Max- D’s Eichelberger ready to roll into Mohegan Sun Arena at Monster Jam
Jared Eichelberger grew up in the Monster Jamfamily.
Eichelberger’s father, Tom Meents, reigns as the most successful driver in Monster JamWorld Finals history and runs Monster Jam University, a training institution for potential drivers. So it was no surprisewhen he ditched his degree in agriculture and turned to monster trucks nearly three years ago.
Eichelberger and Monster Jamcruises into Mohegan Sun Arena at Casey Plaza, 255 Highland Park Blvd., WilkesBarre, fromtoday through Sunday. Tickets start at $ 15 and are available at ticketmaster. com, the arena box office or by calling 800- 745- 3000.
Prior to becoming a driver forMax- D, Eichelberger worked as a crewmember, mechanic and crewchief for both his father and his younger brother, Colton, who started driving a year before he did. When the 29- year- old finally got the opportunity to test, he jumped on the chance.
Now, the three all drive for the Max- D team and assist one another throughout each show.
“Our dad is our biggest teacher,” Eichelberger said. “I idolize him and try to drive like him. He’s given us a lot of tips and helpful instruction, from interviewing to driving to just associatingwith fans and to helping out everyone at the show. It’s a big team project. We all have towork together to accommodate to make it work and give a good performance. Working with them is pretty neat ... When the weekend is overwe’ll have Monday dinner together to talk about theweekend and talk about howwe can improve.”
Max- D, formerly known as Maximum Destruction, can easily be spotted on the track with its orange and silver paint and spikes protruding fromthe truck’s body. According to Eichelberger, Max- D really shines during theTwo- Wheel Skill Competition, as performing tricks and balancing acts such as nosewheelies.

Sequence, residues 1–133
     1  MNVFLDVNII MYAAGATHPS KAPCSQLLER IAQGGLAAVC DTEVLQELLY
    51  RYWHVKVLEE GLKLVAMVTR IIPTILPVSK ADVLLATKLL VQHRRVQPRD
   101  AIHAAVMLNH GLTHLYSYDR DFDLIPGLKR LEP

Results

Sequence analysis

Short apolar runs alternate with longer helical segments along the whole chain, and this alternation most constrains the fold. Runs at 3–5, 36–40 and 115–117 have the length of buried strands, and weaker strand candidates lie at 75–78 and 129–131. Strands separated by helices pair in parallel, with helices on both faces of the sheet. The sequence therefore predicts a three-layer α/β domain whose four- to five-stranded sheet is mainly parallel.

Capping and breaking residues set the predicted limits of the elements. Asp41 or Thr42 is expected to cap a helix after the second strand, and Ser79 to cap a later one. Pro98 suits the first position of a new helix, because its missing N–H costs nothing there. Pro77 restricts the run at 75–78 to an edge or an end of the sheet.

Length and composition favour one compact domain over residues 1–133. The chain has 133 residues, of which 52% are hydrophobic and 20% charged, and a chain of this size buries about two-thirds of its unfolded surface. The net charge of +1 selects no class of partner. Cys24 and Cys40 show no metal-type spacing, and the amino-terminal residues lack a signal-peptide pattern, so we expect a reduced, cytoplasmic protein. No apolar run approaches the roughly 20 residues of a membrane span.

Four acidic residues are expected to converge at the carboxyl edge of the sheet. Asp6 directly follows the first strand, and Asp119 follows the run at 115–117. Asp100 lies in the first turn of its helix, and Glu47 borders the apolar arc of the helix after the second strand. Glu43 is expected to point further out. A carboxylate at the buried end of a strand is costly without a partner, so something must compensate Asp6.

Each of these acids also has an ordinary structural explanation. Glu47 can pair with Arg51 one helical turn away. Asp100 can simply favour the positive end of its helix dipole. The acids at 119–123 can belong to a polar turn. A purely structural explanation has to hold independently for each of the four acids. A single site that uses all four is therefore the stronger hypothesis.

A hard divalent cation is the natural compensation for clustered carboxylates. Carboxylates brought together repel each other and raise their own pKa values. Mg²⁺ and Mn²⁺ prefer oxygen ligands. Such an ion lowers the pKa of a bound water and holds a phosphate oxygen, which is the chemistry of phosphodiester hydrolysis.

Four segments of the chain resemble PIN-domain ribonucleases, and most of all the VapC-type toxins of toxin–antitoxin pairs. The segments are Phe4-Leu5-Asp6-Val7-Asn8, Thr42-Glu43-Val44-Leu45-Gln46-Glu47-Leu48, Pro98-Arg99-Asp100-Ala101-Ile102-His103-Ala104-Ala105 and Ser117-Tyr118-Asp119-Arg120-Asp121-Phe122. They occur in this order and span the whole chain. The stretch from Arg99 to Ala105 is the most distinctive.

Super fans better not miss the two pit parties prior to the matinee shows on Saturday and Sunday, beginning at 10: 30 a. m. These parties give fans the opportunity to get up close and personal with the Monster Jam trucks and drivers.
Even though Eichelberger barely hit three years as a driver, he has driven in more than 100 shows. The driver has become very comfortable in the trucks and arenas, he said, but there is always more to learn fromhis father and other veteran drivers.
“Just having a great coach at home has really been beneficial,” Eichelberger said. “We have Monster Jam University inmy hometown; my dad trains drivers and Iwork therewhen I’m not on the road. I’m alwayswatching, learning and doingmy homework. I learn from them and their mistakes, learn from their moves and make them better.”
Although Eichelberger admitted that staying at the top of the game is a major challenge he faces, the constant pressure to live up to his father’s legacy brings the most pressure.
“There’s a lot of pressure to compete and to be as good as him, to represent himand to represent the brand Max- D,” he said. “I take that pressure and I use it formy advantage out on the track. I almost reverse it and I put that pressure on the other competitors because I do havehim as a teacher, as a father, as a coach. I havehim inmy back pocket and can always rely on him for advice.”
Max- D monster truck can be seen in action at Monster Jam this weekend at Mohegan Sun Arena at Casey Plaza.